India’s mountains of plastic waste grow as pandemic disrupts fledgling recycling firms


Plastic being collected for recycling. Photo courtesy: Recykal

It was only about a year ago that Nikhel Morris and his wife Somali Kothari quit their city jobs to plunge into a venture close to their hearts — recycling plastic and rubber wastes into fuel.

It made perfect sense as India imports the majority of its fuel needs. At the same time the country struggles to recycle plastic and rubber wastes.

Their tiny venture at Wada, on the outskirts of the western Indian city of Pune, found ready finance from the State Bank of India (SBI). Everything seemed on track until the pandemic arrived, plunging prices of recycled fuel and disrupting waste collection.

“We are still optimistic, but we are now worried about repayments,” says Morris, adding that SBI has agreed to restructure their loan from five years to seven years in light of the situation.

The onset of the global pandemic has created a paradox for scores of small recycling units like theirs. They are struggling to survive at a time when  mountains of plastic and rubber wastes are growing bigger amid the need for greater sanitisation material for packaging due to covid.

Prices of recycled fuel, which is also called light diesel oil, have dropped to around Rs 22-24/kilo from around Rs 32.50/kilo on March 22, just before the lockdown. The drop has come as demand from industries like steel and cement have evaporated following the pandemic.

Low demand, low capacity utilisation

Most of the units making recycled fuel are manufacturing at a fraction of their capacities because of the low demand from downstream industries. Prices of the recycled fuel also have a linkage to crude oil prices which have dropped from an average of around $57/barrel last year to around $37/barrel this year.

Besides low demand, the recycling units are also having to cope with fall in waste material supplies because of a shortage of workers. This is leading to more burning of the waste or simply greater mounds of them, straining the environment.

Hyderabad-based Recykal, which is a digital company specialising in supply and management of wastes for several companies including leading FMCG firms, is caught in a bind because of low demand and low supplies.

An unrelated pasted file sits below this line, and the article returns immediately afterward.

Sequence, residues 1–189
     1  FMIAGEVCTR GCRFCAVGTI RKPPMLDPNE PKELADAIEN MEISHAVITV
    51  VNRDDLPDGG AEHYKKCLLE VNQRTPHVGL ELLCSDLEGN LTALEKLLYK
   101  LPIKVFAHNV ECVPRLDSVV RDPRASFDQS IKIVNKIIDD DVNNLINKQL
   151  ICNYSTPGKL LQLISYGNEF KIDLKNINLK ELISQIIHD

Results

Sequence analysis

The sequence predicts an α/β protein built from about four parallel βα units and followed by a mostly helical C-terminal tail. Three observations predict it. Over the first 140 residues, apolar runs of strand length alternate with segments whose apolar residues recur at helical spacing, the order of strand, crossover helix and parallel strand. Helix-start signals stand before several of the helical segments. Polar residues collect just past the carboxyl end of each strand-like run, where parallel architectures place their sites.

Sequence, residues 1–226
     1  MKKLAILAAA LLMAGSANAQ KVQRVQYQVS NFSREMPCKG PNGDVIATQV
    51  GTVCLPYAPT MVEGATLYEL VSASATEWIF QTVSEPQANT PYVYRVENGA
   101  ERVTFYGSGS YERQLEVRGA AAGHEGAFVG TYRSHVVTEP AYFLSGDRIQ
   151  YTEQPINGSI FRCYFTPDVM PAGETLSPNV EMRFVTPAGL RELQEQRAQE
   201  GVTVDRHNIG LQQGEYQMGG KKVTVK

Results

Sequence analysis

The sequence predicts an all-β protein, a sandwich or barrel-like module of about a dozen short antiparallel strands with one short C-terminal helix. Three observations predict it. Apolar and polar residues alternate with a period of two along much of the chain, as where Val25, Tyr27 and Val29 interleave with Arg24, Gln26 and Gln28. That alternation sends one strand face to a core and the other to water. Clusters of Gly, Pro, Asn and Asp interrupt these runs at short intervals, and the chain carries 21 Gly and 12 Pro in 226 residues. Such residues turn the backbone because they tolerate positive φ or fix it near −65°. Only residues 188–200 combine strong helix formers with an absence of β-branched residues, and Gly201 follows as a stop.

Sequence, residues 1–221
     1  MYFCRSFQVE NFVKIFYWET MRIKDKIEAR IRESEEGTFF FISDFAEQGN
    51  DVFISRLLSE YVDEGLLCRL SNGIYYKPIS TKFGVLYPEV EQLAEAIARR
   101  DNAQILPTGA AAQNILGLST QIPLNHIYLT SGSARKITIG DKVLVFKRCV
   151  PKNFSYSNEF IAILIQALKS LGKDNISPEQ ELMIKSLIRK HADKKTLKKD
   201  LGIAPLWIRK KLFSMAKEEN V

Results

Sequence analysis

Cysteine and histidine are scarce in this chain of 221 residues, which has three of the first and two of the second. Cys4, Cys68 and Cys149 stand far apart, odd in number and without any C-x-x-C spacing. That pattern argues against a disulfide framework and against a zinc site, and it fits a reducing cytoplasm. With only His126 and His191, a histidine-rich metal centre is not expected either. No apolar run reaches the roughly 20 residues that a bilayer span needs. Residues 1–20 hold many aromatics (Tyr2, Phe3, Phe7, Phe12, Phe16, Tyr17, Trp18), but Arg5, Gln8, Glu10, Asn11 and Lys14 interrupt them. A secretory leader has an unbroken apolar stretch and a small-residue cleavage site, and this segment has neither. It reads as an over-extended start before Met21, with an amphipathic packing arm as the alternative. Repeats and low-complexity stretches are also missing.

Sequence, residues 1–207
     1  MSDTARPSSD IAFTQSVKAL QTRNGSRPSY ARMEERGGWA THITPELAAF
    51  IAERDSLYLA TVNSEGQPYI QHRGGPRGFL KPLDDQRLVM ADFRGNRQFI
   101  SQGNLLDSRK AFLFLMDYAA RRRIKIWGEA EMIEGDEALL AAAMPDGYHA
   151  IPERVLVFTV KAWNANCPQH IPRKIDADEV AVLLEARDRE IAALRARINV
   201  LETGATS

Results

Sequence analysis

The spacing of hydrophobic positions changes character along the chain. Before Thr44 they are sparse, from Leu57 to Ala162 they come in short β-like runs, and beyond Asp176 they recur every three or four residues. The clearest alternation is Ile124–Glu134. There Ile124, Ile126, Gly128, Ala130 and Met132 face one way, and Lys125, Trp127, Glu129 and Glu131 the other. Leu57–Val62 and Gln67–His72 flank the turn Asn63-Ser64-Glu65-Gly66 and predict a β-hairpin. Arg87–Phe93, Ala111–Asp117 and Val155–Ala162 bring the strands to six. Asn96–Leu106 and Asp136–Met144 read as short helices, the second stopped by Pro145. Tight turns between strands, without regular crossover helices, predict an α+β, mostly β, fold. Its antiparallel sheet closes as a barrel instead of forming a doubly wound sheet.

The breakdown in transportation amid the nationwide lockdown impacted the industry further because it affected storage of plastics, said Abhishek Deshpande, co-founder of the firm. 

“We resumed services last month and things are improving, but the situation is still challenging because recyclers can’t afford to pay as much as before for plastic wastes,” Deshpande said.

The business was again picking up, but it will take time to become normal, he added.

India has around 30,000 units in the plastics sector that is dominated by small and medium enterprises, but still imports around Rs 48,000 crores of plastic products. 

The nation consumes around 22 million tons of petrochemicals annually, out of which over 70% is plastics.

The growth rate of India’s plastics industry is one of the highest in the world. The consumption of plastic products are bound to increase in coming months, and thereby generate more plastic wastes.

Plastic use increasing

According to a submission by the central government in parliament, India’s 60 major cities generate around 25,940 tons of plastic a day. Of this, some 60% is recycled, mainly by the informal sector, while the rest — averaging 9,400 tons – ends up in the environment. 

Recently, UFlex, one of India’s largest packaging companies, told earlier that while the need for packaging and thereby use of plastic was increasing amid covid, they had put in strong practices for recycling to prevent harm to the environment.

Mansukh Mandaviya, India’s Minister for Chemicals and Fertilizers, recently urged the industry to tap into business opportunities in plastic-based industries such as medical devices. 

However, government policies will need to be tweaked to simultaneously support the development of the recycling sector in the current environment, according to industry players. 

For example, along with plastics, many of the recycling units also depend on junked rubber products, which can be collected free from overseas markets with the only cost incurred is on shipment of the material.

But direct imports of such rubber tyres is not allowed by the industry, though they are permitted to buy from other agencies.

Industry executives say that the higher costs incurred hurts their profitability.

“We are not able to get enough tyres. and whatever is available is at very high cost. Our buying rate is very high and the selling rate is low. If the government supports us, then we can fulfil the need for LDO (Light Diesel Oil) within the country,” said Ankit Jain, director at  JSPT Recycle Industries Pvt Ltd Mumbai.

Biman Mukherji is a columnist and consulting editor at He has worked for international news organisations such as Reuters, The Wall Street Journal as well as for newspapers like The Times of India. He can be reached at

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